A little healthy paranoia can go a long way. This is especially true for electrical work around the home where electrical accidents are the cause of tens of thousands of fires, injuries, and deaths each year. What you don’t even know that you don’t know is a dangerous area. Ignorance is definitely not bliss! The first rule? Know what you are doing! We surveyed several of our Pro electricians and they gave us some electrical safety tips to help guide you aspiring tradesmen and apprentice electricians when wiring a home.
Make SURE You Turn Off the Power – Lock Out/Tag Out
You can greatly reduce the immediate danger of electrical work by being sure that the power is off and stays off during the job. This has to fall under the most critical of electrical safety tips. Even if you’ll be near the switch or service panel, it’s a good idea to tape switches off and even lock panels. There’s a reason industrial sites use “lock out/tag out” safety procedures. It’s not that everyone will flip the switch. It’s that one ignorant person might.
Include a note that alerts anyone approaching the panel that the power must remain off. Just as you would treat every firearm as if it was loaded, treat each wire as if it was live. Use a small, non-contact voltage tester to verify there’s no current. I’ve known several electricians with horror stories about “helpful” coworkers who flipped a breaker on a little too early.
Wear Proper PPE
Many new electricians neglect to wear proper protective gear because they think the job will only take a few minutes. The danger only exists for the other guy who didn’t watch enough YouTube videos about parallel circuits, right?
But how often do you see the scope of work increase, the job take longer, or an accident happen that you didn’t intend? (Isn’t that what an accident is, after all?)
For that reason, be sure your eyes are protected from stiff copper wire, electrical arcs, attic insulation, and other risks. Wear boots or thickly-soled shoes to reduce the chance that you slip in an attic and become part of a remodeling project. Gloves are always a good idea, too.
Be Aware of Your Surroundings
No matter what precautions you take, always be aware of your surroundings. Never stand in water or a puddle while you work on electricity. It sounds obvious at first, but a good portion of a house is taken up by laundries, kitchens, and baths where water and electricity exist in close proximity. One of the most important electrical wiring safety tips includes simply avoiding anything that would make you become part of the circuit.
Practice Makes Perfect – Details Matter with Electrical Safety
Electrical work itself must ensure that the house and its occupants remain safe after the job is complete. Ensure you wire outlets correctly and make all of your connections securely. If you have an older home, don’t just replace a two-slot outlet with an ungrounded three-slot outlet…even if the homeowner really wants to save money.
Use GFCI outlets in laundries, kitchens, and baths. Check your work with circuit testers. Junction and outlet boxes ensure that sparks caused by faulty or loose wiring don’t touch combustible building materials.
Also, when doing new electrical work, leave enough wire to easily complete the outlet. Many newbies leave the wires too short. This results in weak connections that loosen over time. Inexperienced electricians also attempt to fit too many wires into a single junction box or use shallow boxes that can’t handle the amount of wiring needed. Neither condition passes our electrical safety tips threshold.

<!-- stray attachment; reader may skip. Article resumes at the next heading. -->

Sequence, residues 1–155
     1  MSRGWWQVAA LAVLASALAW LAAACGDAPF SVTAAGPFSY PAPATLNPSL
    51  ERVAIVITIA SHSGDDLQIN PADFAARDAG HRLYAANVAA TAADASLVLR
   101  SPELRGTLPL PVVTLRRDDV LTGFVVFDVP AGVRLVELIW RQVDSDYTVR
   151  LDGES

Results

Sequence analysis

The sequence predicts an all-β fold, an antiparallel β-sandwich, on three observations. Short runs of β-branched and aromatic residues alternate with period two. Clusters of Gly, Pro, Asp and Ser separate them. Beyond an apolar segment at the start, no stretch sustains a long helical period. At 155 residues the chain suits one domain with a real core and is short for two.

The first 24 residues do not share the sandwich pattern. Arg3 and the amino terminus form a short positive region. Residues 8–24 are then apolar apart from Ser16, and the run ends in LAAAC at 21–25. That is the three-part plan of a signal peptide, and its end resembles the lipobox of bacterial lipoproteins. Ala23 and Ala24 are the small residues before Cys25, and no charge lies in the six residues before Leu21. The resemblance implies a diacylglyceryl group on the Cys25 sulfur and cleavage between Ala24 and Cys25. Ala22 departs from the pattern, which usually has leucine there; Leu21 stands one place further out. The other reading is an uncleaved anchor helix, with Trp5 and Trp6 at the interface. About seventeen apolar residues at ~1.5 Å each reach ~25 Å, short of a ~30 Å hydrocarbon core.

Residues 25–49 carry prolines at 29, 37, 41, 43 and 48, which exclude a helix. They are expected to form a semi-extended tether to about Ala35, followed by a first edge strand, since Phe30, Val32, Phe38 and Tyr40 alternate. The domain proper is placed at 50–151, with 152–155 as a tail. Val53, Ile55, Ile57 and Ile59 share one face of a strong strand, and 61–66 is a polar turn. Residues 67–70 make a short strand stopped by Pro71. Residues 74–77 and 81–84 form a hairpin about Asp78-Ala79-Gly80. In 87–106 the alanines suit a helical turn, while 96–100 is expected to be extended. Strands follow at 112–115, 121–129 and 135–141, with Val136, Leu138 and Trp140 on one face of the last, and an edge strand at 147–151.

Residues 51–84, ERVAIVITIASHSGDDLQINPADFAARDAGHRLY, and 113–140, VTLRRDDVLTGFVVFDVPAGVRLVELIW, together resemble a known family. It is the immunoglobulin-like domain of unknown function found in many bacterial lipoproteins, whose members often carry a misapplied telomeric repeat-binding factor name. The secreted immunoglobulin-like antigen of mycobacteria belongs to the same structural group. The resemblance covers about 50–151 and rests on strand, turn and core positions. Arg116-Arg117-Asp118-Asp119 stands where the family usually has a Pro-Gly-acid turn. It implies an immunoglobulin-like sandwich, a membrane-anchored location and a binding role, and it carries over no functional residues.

Keep the wires neatly folded and labeled in multi-switch boxes. Boxes must also be flush with the wall and not recessed, so potential sparks don’t have access to anywhere they might cause a fire.
Getting into those habits now will make them second nature to you as your career grows. They will help you maintain an excellent reputation, keeping your clients calling back and referring you to their friends.
Pro Tip: The habits you form as an apprentice will be the foundation of your reputation later in your career. Train to be the guy everyone calls first!
Final Electrical Safety Tips
Safety during and after the job is of the utmost importance, so err on the side of caution. If an outlet or service panel is hot, it may be time to call in the Pros. The same is true if an appliance greets you with a small shock now and then. Troubleshooting miswired grounds can be dangerous if not handled properly.
Exposed wires need to be run through conduit and placed out of the way. Loose outlets can wiggle with use, and the attached wires can loosen over time. This can cause sparks—and potentially a fire. Remember, electrical fires need a fire extinguisher, not water. Come to think of it—do you have a fire extinguisher in your vehicle? There’s more than just electrical wiring safety tips to consider!
One other thing you want to be sure of is your local codes. Newer codes require things like installing Arc Fault interrupters, which prevent slow draws of current from starting a fire. This is typically required for bedrooms and other areas where you may puncture a wall and create a short that doesn’t instantly trip a breaker.
Wrapping It Up
Finally, we’d be remiss if we didn’t encourage all work to be done to code and inspected. It’s not worth losing your license or reputation doing work off the books just to make a few extra bucks.
Having the skill to complete home electrical jobs is very satisfying—use these tips to be sure it’s very safe, too. We hope you’ve learned something good from these electrical wiring safety tips. If you’re a Pro and you have wiring tips to share, add them in the comments below—or contact us with your own Pro tips.